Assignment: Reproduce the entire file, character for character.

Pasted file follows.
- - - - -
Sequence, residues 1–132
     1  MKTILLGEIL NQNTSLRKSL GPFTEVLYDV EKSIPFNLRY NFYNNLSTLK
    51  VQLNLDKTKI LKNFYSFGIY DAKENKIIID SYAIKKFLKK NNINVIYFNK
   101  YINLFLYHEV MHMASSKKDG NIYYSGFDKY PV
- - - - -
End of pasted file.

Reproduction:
Sequence, residues 1–132
     1  MKTILLGEIL NQNTSLRKSL GPFTEVLYDV EKSIPFNLRY NFYNNLSTLK
    51  VQLNLDKTKI LKNFYSFGIY DAKENKIIID SYAIKKFLKK NNINVIYFNK
   101  YINLFLYHEV MHMASSKKDG NIYYSGFDKY PV